Effect of through-plane motion on left ventricular rotation: A study using slice-following harmonic phase imaging.
ABSTRACT Noninvasive quantification of regional left ventricular rotation may improve understanding of cardiac function. Current methods used to quantify rotation typically acquire data on a set of prescribed short-axis slices, neglecting effects due to through-plane myocardial motion. We combine principles of slice-following tagged imaging with harmonic phase analysis methods to account for through-plane motion in regional rotation measurements. We compare rotation and torsion measurements obtained using our method to those obtained from imaging datasets acquired without slice-following. Our results in normal volunteers demonstrate differences in the general trends of average and regional rotation-time plots in midbasal slices and the rotation versus circumferential strain loops. We observe substantial errors in measured peak average rotation of the order of 58% for basal slices (due to change in the pattern of the curve), -6.6% for midventricular slices, and -8.5% for apical slices; and an average error in base-to-apex torsion of 19% when through-plane motion is not considered. This study concludes that due to an inherent base-to-apex gradient in rotation that exists in the left ventricular, accounting for through-plane motion is critical to the accuracy of left ventricular rotation quantification. Magn Reson Med, 2012. © 2011 Wiley Periodicals, Inc.
Article: Improved myocardial tagging contrast[Show abstract] [Hide abstract]
ABSTRACT: Myocardial tagging is a new noninvasive MRI method that allows the study of myocardial motion with high accuracy. However, with conventional tagging techniques tagging contrast is impaired at later heart phases due to longitudinal relaxation. An improved method, called Complementary SPAtial Modulation of Magnetization (CSPAMM), which separates the component of the magnetization with the tagging information from the relaxed component by subtraction of two measurements with first a positive and then a negative tagging grid, is presented. This technique improves the grid contrast and greatly facilitates the automatic evaluation of the myocardial motion. Thus the motion assessment of the entire heart cycle becomes possible. The improvements are documented by numerical simulations and by experiments on phantoms and on human volunteers.Magnetic Resonance in Medicine 08/1993; 30(2):191-200. DOI:10.1002/mrm.1910300207 · 3.40 Impact Factor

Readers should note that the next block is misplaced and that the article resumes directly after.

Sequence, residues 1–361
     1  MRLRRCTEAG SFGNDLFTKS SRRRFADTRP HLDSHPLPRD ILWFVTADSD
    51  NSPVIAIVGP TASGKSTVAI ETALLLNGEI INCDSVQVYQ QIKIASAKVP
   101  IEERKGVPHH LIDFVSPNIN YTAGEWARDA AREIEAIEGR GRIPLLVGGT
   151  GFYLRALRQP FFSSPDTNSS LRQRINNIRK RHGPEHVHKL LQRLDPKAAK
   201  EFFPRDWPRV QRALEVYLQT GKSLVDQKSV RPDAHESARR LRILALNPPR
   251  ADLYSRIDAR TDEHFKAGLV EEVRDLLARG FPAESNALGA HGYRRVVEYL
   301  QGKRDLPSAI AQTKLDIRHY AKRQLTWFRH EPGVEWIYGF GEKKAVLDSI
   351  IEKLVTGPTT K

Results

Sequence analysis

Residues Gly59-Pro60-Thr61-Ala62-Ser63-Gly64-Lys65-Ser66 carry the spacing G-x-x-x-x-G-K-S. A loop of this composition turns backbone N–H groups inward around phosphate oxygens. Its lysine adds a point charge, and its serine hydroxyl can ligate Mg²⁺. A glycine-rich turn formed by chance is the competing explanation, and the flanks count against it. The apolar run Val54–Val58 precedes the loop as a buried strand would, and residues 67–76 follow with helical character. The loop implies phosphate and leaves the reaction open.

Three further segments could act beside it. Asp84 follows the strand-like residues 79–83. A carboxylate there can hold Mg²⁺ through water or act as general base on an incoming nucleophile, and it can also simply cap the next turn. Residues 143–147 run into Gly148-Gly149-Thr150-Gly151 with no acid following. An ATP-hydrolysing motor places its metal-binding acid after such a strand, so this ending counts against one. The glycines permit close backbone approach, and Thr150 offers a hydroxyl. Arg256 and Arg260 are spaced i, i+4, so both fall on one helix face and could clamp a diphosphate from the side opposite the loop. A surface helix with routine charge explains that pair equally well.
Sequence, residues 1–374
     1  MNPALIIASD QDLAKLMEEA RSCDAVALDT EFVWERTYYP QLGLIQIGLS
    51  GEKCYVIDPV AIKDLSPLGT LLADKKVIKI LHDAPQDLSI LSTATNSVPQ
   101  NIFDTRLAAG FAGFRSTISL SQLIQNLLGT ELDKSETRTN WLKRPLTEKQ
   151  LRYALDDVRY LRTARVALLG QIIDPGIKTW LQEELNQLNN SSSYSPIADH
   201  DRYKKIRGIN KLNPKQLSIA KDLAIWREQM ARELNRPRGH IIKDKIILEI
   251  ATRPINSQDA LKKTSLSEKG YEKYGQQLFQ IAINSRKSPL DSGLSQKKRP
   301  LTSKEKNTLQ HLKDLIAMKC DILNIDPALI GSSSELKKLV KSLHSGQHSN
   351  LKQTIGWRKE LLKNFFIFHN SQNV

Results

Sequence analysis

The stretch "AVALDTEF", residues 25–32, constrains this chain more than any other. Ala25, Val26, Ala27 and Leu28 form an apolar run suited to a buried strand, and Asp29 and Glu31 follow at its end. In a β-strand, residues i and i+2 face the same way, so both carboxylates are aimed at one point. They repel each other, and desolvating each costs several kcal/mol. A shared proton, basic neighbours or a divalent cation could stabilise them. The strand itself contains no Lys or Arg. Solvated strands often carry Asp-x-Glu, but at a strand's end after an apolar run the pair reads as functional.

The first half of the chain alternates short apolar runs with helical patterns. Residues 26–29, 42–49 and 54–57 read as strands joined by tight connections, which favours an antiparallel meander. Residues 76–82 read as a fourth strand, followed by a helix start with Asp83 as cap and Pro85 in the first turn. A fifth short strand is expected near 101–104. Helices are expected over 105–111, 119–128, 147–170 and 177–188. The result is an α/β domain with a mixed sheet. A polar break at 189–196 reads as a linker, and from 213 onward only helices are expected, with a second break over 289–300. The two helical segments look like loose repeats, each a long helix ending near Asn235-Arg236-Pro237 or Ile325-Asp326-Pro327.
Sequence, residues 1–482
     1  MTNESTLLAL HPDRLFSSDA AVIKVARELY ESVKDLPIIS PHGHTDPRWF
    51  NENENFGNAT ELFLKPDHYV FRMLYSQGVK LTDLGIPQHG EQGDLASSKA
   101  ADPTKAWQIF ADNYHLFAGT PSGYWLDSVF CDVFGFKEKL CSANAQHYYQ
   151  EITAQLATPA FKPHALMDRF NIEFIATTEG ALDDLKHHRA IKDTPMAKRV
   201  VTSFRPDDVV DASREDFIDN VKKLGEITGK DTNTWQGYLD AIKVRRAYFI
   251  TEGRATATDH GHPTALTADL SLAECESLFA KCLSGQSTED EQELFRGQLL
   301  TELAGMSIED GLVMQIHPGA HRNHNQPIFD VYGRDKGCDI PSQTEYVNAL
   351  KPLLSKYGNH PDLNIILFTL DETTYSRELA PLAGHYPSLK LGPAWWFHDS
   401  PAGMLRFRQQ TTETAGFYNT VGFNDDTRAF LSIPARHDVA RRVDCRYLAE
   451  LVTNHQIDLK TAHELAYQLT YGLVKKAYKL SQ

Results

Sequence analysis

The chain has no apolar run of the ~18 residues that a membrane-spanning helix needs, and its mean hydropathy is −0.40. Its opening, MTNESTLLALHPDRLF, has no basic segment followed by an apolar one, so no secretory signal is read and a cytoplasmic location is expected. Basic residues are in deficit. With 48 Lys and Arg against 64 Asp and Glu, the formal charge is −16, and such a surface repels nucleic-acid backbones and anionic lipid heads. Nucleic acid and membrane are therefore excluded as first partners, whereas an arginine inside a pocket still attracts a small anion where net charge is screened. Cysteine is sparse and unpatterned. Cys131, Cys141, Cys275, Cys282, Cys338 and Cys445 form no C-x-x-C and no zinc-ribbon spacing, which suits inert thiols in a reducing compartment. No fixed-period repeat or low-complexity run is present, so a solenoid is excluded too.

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ABSTRACT: Myocardial tagging has shown to be a useful magnetic resonance modality for the assessment and quantification of local myocardial function. Many myocardial tagging techniques suffer from a rapid fading of the tags, restricting their application mainly to systolic phases of the cardiac cycle. However, left ventricular diastolic dysfunction has been increasingly appreciated as a major cause of heart failure. Subtraction based slice-following CSPAMM myocardial tagging has shown to overcome limitations such as fading of the tags. Remaining impediments to this technique, however, are extensive scanning times (approximately 10 min), the requirement of repeated breath-holds using a coached breathing pattern, and the enhanced sensitivity to artifacts related to poor patient compliance or inconsistent depths of end-expiratory breath-holds. We therefore propose a combination of slice-following CSPAMM myocardial tagging with a segmented EPI imaging sequence. Together with an optimized RF excitation scheme, this enables to acquire as many as 20 systolic and diastolic grid-tagged images per cardiac cycle with a high tagging contrast during a short period of sustained respiration.MAGMA Magnetic Resonance Materials in Physics Biology and Medicine 11/1999; 9(1-2):85-91. DOI:10.1007/BF02634597 · 1.35 Impact Factor
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ABSTRACT: In cardiomyocytes, generation of restoring forces (RFs) responsible for elastic recoil involves deformation of the sarcomeric protein titin in conjunction with shortening below slack length. At the left ventricular (LV) level, recoil and filling by suction require contraction to an end-systolic volume (ESV) below equilibrium volume (Veq) as well as large-scale deformations, for example, torsion or twist. Little is known about RFs and suction in the failing ventricle. We undertook a comparison of determinants of suction in open-chest dogs previously subjected to 2 weeks of pacing tachycardia (PT) and controls. To assess the ability of the LV to contract below Veq, we used a servomotor to clamp left atrial pressure and produce nonfilling diastoles, allowing measurement of fully relaxed pressure at varying volumes. We quantified twist with sonomicrometry. We also assessed transmural ratios of N2B to N2BA titin isoforms and total titin to myosin heavy chain (MHC) protein. In PT, the LV did not contract below Veq, even with marked reduction of volume (end-diastolic pressure [EDP], 1 to 2 mm Hg), whereas in controls ESV was less than Veq when EDP was less than approximately 5 mm Hg. In PT, both systolic twist and diastolic untwisting rate were reduced, and there was exaggerated transmural variation in titin isoform and titin-to-MHC ratios, consistent with the more extensible N2BA being present in larger amounts in the subendocardium. Thus, in PT, determinants of suction at the level of the LV are markedly impaired. The altered transmural titin isoform gradient is consistent with a decrease in RFs and may contribute to these findings.Circulation Research 09/2000; 87(3):235-40. DOI:10.1161/01.RES.87.3.235 · 11.09 Impact Factor